In science, when more than 50 percent of a substance has undergone a radical change, it’s called a half-life. The term is commonly used in measuring radioactive material, but the same concept is increasingly being applied to describing the changes in data and its usefulness.
A recent publication by Nucleus Research outlines the philosophy that data has an initial value that decreases over time. The brief, entitled “The Half Life of Data,” suggests that companies use the customer-centric approach for data distribution. More importantly, researchers heavily endorse analytics tools to extend the life of data and improve the effectiveness of decision making.
“We used the scientific concept of half-life to model this data decay based on three different decision-making cadences: tactical, operational, and strategic,” says Anne Moxie, a senior analyst with Nucleus Research. “End users for these different decisions range across the full spectrum, and we wanted to evaluate how each of them is best provided with data accessibility.”
It makes sense if you consider your own use of data. Sometimes you only need to remember facts at your fingertips while other times require long-term memory and analysis. Consider the picture below. The graph represents a network of 2,724 Twitter users whose tweets in the requested range contained "#oracle", or who were replied to or mentioned in those tweets. How long would you consider holding onto that data?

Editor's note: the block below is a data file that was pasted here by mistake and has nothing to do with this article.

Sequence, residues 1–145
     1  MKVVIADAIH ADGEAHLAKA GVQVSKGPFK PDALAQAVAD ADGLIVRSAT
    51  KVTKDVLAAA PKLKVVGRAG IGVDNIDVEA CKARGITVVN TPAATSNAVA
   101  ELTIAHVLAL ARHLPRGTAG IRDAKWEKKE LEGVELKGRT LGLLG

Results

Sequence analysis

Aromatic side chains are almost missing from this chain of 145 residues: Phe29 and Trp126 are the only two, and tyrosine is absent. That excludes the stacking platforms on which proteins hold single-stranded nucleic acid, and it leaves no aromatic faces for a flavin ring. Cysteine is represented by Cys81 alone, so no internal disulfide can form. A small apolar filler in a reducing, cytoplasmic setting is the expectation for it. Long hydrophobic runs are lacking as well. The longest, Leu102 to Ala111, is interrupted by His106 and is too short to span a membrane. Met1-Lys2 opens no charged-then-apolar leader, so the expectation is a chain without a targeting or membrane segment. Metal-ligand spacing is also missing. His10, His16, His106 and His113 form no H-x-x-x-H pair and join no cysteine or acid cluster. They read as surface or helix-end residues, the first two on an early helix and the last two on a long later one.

Data: From Fleeting to Long-Lived
If data is being used for tactical decisions—ones that are read off of dashboards—it’s likely that business decision makers use that data to make incremental choices and that the information is very fleeting. These data points are often generated by enterprise applications affecting customer, employee, or supply chain management. As represented in the graph below, Nucleus estimates the half-life of tactical data occurs after a mere 30 minutes.
Not as temporary, yet nearly as time sensitive, operational data tends to gets stale after about eight hours, according to Nucleus. This type of data is important for weekly decisions. Say, for example, a grocery store manager wants to explore the popularity of a product and budgets appropriately so his shelves are stocked in a handful of different areas around the store. The data necessary for implementing this action requires some flexibility and implies the need to create data visualizations to prove its worth.
The longest-lasting type of data is called strategic by Nucleus. Data falling into this category includes information that is used to forecast and project business opportunities. Nucleus researchers recommend employing specialists to improve data preparation, as this type of data requires better capture and distribution.
“If software solutions are not being used, then customers will not see a positive ROI,” says Moxie. “This has been a particular challenge for analytics deployments because there are many hands that are involved in analytics use, ranging from business users to data scientists. Customers need to make sure that their deployments offer accessibility to data, and therefore, they should have a user-centric focus on deployments instead of a data-centric focus.”
Although Oracle has the analytics tools capable of addressing the half-life of data, it bears repeating that organizations must start the process with a hard look at who is using the data to make decisions and how long that data be relevant. Otherwise, as Nucleus Research explains, they risk “a poor ROI from their analytics deployments.”
Featured image courtesy of Nucleus Research.
Embedded image courtesy of NodeXL Graph Gallery
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